District Announces School Closures, Charter Conversions
In a move that will affect more than 5,000 students in the district, Philadelphia Superintendent William R. Hite today announced dramatic changes involving 15 schools.
The moves are a familiar list of school consolidations, charter conversions and closures. Among the actions: Dimner Beeber Middle School in West Philadelphia will be phased out over a two-year period. In Northwest Philly, Morris E. Leeds Middle School and Hill-Freedman World Academy would merge, with Leeds students starting to go to Hill-Freedman. Both Beeber and Leeds, though closed, would still house district schools in their buildings.
“This is an exciting step forward in achieving our mission of having great schools in every neighborhood,” Hite said in a statement. “These recommendations address parental demand for better academic programs in safe, familiar environments while presenting rigorous and engaging opportunities for students.”
The move was pitched by the district as “a plan to improve academic options for more than 5,000 students at 15 schools”; schools advocate and likely future City Council member Helen Gym tweeted she was “deeply troubled” by some of the proposed moves.
The plan has additional elements.
Two new schools are also planned for the city: A Science Leadership Academy middle school (SLA-MS) and a high school opened in partnership with nonprofit Big Picture Philadelphia. Science Leadership Academy, which already has two schools in Philadelphia, would open for the 2016-17 year in West Philadelphia. It is a partnership between the School District and the Franklin Institute.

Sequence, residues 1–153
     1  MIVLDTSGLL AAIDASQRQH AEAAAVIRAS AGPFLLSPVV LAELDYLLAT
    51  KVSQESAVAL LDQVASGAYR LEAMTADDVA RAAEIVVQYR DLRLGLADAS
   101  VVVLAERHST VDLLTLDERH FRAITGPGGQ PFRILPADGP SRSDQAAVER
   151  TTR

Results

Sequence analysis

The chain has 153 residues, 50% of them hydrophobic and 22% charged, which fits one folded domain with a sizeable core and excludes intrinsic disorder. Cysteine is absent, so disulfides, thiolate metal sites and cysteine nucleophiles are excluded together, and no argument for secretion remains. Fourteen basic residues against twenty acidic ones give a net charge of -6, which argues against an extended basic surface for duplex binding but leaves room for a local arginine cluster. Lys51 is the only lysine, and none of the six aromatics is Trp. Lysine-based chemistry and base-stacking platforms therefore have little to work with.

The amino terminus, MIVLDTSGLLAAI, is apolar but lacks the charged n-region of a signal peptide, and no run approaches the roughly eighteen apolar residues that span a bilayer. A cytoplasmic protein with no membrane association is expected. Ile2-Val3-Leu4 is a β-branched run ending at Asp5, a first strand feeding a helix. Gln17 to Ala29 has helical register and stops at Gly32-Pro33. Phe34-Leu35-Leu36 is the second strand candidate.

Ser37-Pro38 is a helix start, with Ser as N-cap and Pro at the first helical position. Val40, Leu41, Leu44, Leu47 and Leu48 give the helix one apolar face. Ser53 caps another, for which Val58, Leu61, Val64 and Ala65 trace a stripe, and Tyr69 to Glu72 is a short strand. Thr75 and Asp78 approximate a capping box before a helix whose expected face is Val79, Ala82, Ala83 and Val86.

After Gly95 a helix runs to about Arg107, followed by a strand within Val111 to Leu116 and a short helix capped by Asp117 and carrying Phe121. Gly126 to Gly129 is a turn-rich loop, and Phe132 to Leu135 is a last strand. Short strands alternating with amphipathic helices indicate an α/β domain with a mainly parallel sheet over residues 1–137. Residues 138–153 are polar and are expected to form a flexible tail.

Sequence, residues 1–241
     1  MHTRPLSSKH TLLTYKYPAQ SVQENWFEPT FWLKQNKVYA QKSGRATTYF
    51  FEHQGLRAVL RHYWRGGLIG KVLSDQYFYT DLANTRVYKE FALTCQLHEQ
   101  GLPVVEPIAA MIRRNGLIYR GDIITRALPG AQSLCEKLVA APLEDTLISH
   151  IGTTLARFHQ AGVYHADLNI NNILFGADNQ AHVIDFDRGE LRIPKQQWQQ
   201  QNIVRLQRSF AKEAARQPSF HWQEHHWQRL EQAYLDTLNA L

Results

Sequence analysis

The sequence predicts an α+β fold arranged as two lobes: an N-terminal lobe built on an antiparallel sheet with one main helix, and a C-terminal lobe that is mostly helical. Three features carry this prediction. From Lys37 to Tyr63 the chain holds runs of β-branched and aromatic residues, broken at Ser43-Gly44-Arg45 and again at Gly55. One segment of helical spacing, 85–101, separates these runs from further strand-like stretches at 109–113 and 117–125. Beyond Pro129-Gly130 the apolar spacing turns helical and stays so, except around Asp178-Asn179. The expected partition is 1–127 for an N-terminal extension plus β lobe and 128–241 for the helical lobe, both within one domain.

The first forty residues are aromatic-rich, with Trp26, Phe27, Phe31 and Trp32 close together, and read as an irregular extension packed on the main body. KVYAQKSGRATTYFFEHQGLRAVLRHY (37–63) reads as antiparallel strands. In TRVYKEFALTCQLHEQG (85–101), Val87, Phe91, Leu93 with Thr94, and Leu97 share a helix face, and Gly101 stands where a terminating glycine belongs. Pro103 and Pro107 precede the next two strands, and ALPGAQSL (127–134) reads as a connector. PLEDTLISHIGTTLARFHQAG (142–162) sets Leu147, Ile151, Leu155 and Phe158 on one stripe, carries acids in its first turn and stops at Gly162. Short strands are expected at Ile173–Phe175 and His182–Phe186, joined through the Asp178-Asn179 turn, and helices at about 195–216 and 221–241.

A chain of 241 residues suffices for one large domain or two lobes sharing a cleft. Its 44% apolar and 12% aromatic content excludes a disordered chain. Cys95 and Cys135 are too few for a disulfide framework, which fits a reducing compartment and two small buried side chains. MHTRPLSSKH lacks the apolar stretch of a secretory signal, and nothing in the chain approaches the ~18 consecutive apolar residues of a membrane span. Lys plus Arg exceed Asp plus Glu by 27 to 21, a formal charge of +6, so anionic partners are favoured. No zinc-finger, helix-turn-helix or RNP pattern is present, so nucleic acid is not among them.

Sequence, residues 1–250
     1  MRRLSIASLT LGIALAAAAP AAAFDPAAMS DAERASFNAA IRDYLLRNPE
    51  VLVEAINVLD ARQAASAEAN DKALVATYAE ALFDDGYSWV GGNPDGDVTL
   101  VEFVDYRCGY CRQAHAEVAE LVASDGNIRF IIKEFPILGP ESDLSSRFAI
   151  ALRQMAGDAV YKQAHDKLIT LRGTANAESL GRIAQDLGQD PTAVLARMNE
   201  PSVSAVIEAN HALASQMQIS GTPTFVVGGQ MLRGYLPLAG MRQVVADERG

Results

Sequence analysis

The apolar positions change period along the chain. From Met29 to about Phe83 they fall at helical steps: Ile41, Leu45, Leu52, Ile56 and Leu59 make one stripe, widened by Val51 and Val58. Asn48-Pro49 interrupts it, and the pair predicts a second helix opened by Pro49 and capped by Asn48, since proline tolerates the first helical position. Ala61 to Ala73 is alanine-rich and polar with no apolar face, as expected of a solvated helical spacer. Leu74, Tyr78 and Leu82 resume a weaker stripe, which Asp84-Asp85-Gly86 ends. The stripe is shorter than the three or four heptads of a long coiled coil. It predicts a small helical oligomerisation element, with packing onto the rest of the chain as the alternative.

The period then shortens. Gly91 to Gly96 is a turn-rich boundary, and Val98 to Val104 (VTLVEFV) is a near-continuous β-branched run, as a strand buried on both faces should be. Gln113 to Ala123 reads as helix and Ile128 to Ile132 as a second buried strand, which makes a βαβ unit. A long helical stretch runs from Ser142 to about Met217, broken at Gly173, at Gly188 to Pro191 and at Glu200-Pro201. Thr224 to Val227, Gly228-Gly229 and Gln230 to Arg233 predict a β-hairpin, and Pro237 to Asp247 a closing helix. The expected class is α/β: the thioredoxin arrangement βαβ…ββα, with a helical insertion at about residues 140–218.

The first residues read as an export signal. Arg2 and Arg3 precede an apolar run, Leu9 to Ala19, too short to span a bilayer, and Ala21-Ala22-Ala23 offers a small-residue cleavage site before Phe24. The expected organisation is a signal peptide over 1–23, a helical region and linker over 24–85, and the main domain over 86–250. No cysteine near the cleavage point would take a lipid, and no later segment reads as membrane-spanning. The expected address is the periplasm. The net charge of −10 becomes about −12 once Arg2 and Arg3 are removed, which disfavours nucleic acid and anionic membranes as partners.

Big Picture High School “would offer project-based learning and internship opportunities through a nationally recognized model for small innovative schools,” per a release. It would start with 125 kids next year and eventually move to 500 students, with an open enrollment.
The district also plans to put three schools into “in-District turnaround,” and says it wants to convert Jay Cooke, Samuel B. Huey and John Wister elementary schools into Renaissance Charter Schools. The district will begin looking for potential operators on October 15th.
“Our students have incredibly diverse needs that deserve to be met,” said Dr. Hite. “For more than 5,000 students across 15 schools, these proposals represent an opportunity for life-changing learning experiences.”
The School Reform Commission still must approve all proposed changes.